February 11, 1867, ordinance passed making it unlawful to sell, or offer for sale, or give away, any obscene literature, picture, or statuary, bathe between sunrise in the morning and dark in the evening, harbor any strumpet or whore, or misuse any animal, within the corporate limits of Washington, and imposing fines not exceeding fifty dollars for said offenses.
June 1, 1868, an ordinance was passed making it unlawful for persons to hold familiar conversation with any common prostitute on the streets, at fairs, or any public place or gathering, within the limits of Washington, or to keep any house of infamy within the corporate limits of said village, and imposing fines of not more than thirty dollars, or imprisonment not more than ten days, or both, at the discretion of the mayor.
July, 1868, ordinance passed punishing vagrancy and prostitution within the city limits.
February 2, 1869, ordinance passed to prohibit ale and porter shops, and other houses of resort for tippling and intemperance, within the corporation limits. (This has since been repealed.)
April 16, 1870, ordinance passed requiring certain municipal officers to execute the following bonds before entering upon the duties of their respective offices: Mayor, one thousand dollars; marshal, two thousand dollars; and the clerk, one thousand dollars.
May 24, 1870, ordinance passed authorizing the destruction of gaming implements found within city limits; also, ordinance passed closing business places on Sunday.
August 15, 1870, ordinance passed requiring persons running hack coaches, or omnibuses, first to obtain a license from the mayor for such privilege.
October 10, 1870, ordinance requiring owners of shade trees to keep the same trimmed to the height of not less than eight feet from the ground, and imposing fines of not less than one dollar, nor more than five, for the neglect of the above requirements.
October 10, 1870, ordinance passed to prohibit the running at large of vicious dogs on the streets of Washington, and fixing the penalty of the owners of such animals, in case of the violation of the above ordinance, at not less than two dollars, nor more than — dollars, and costs of prosecution.
January 2, 1875, ordinance passed establishing a board of health in Washington Court House, and to define the duties of said board.
February 20, 187-, ordinance passed authorizing the removal of members of council, or any elective ofiicers of Washington, for any malfeasance in their official duties. Section 2 of the above ordinance provides that charges shall be preferred in writing, and may be made by council, or any three citizens of the village.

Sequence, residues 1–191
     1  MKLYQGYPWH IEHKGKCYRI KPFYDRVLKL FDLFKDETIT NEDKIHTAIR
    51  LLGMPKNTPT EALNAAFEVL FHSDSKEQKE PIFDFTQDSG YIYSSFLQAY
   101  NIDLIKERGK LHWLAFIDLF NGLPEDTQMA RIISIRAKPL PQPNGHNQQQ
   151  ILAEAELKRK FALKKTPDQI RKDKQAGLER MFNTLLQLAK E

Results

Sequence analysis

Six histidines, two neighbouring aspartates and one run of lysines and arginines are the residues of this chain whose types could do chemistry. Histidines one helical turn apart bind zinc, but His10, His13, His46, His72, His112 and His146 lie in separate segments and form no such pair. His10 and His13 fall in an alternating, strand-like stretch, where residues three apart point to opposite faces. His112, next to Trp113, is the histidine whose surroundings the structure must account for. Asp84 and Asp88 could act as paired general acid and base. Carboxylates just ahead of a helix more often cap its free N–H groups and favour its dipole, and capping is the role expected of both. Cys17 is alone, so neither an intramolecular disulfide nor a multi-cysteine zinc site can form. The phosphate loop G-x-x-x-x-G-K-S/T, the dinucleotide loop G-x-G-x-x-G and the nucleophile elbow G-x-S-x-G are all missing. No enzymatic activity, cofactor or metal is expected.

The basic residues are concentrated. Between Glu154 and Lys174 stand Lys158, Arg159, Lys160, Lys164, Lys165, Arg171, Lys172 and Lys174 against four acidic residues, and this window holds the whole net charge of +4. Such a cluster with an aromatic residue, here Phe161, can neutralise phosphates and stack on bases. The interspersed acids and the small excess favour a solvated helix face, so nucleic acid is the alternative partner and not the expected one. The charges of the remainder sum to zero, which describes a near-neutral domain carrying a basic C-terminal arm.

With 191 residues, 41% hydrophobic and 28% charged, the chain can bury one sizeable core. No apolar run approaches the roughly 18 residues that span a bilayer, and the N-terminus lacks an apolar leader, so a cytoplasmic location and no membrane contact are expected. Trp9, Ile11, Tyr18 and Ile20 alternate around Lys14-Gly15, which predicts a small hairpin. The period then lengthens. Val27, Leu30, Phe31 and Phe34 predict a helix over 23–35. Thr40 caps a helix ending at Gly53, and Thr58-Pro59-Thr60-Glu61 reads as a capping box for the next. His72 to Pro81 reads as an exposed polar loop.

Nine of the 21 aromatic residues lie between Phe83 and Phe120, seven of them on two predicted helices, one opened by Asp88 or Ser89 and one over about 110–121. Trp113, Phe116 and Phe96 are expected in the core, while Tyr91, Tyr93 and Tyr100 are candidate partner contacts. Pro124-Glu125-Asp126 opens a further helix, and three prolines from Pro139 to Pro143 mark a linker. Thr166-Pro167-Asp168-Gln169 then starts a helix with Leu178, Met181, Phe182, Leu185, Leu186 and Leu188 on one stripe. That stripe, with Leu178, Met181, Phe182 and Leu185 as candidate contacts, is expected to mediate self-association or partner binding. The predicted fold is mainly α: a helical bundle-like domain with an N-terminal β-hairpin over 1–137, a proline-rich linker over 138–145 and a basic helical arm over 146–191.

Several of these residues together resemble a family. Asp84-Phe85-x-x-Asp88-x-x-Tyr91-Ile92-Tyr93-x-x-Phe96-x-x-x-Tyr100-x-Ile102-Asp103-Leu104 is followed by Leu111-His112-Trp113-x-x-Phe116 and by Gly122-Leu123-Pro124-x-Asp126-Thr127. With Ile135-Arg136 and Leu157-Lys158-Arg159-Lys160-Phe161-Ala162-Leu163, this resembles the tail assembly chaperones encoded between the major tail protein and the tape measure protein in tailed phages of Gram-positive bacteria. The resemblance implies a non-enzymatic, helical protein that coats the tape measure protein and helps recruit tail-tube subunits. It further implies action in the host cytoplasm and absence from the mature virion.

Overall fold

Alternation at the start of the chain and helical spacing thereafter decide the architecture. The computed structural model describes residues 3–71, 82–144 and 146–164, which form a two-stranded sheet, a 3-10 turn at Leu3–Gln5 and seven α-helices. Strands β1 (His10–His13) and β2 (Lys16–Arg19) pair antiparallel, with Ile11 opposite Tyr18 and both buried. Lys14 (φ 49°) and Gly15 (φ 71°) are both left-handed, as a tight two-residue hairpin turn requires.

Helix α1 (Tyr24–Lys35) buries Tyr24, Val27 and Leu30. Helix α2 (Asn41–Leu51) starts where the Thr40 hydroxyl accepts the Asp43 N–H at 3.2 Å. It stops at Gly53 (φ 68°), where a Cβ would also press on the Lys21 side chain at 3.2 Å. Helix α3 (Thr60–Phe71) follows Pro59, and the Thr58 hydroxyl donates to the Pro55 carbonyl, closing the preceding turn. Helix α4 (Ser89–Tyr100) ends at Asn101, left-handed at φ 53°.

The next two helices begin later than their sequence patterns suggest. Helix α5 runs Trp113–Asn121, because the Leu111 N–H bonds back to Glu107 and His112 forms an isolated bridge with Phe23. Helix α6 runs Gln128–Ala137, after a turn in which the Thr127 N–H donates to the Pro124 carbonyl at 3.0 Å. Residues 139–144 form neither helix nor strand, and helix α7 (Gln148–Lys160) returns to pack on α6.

March 8, 1875, ordinance passed to punish vagrancy, disturbance of the peace, and to apprehend and confine suspicious characters.
May 11, 1875, ordinance passed permitting the Washington Gas Light Company to establish works within the city.
January 10, 1876, ordinance passed supplementary to an ordinance entitled "An Ordinance to Punish Vagrancy," etc., passed March 25, 1875.
March 16, 1876, ordinance fixing the salaries and regulating the fees of mayor, marshal, and clerk, which are as follows : Mayor, two hundred dollars ($200) per year, with such fees as are allowed by law when the fines are collected; marshal, three hundred dollars ($300), and such fees as may be allowed by law; clerk, two hundred dollars ($200) per year.
May 8, 1876, ordinance passed amending the ordinance of March 25, 1875.
May —, 1876, ordinance creating the oflice of street commissioner, and regulating the duties thereof.
August —, 1876, ordinance passed regulating the sale of intoxicating liquors in Washington Court House.
August 14, 1876, ordinance passed to punish fast driving or riding through the streets of Washington,
January 14, 1878, ordinance passed regulating the price of gas furnished by the Washington Gas Light Company.
At tlie same meeting an ordinance was passed creating the office of city solicitor, and to provide for the election of said officer.
October 14, 1878, ordinance passed punishing vagrancy, disturbers of the peace, and suspicious characters.
October 17, 1878, ordinance passed for the suppression of houses of ill-fame within the city limits.
July 28, 1879, ordinance passed to regulate the use of vehicles about the railroad depots, and to prevent disturbance and disorderly conduct, and to protect travelers in and about said depots.
January 22, 1880, ordinance passed to regulate and license auctioneering, hawking, peddling, and huckstering in the incorporate village of Washington Court House.
March 11, 1880, ordinance passed authorizing the annexation to Washington of certain territory lying contiguous thereto.